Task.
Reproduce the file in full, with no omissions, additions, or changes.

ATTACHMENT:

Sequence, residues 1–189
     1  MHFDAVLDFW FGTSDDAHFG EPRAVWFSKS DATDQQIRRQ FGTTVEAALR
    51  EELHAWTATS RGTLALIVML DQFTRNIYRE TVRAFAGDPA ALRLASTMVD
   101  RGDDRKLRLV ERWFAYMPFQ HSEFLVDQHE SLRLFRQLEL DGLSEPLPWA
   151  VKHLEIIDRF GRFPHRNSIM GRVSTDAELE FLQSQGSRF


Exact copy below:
Sequence, residues 1–189
     1  MHFDAVLDFW FGTSDDAHFG EPRAVWFSKS DATDQQIRRQ FGTTVEAALR
    51  EELHAWTATS RGTLALIVML DQFTRNIYRE TVRAFAGDPA ALRLASTMVD
   101  RGDDRKLRLV ERWFAYMPFQ HSEFLVDQHE SLRLFRQLEL DGLSEPLPWA
   151  VKHLEIIDRF GRFPHRNSIM GRVSTDAELE FLQSQGSRF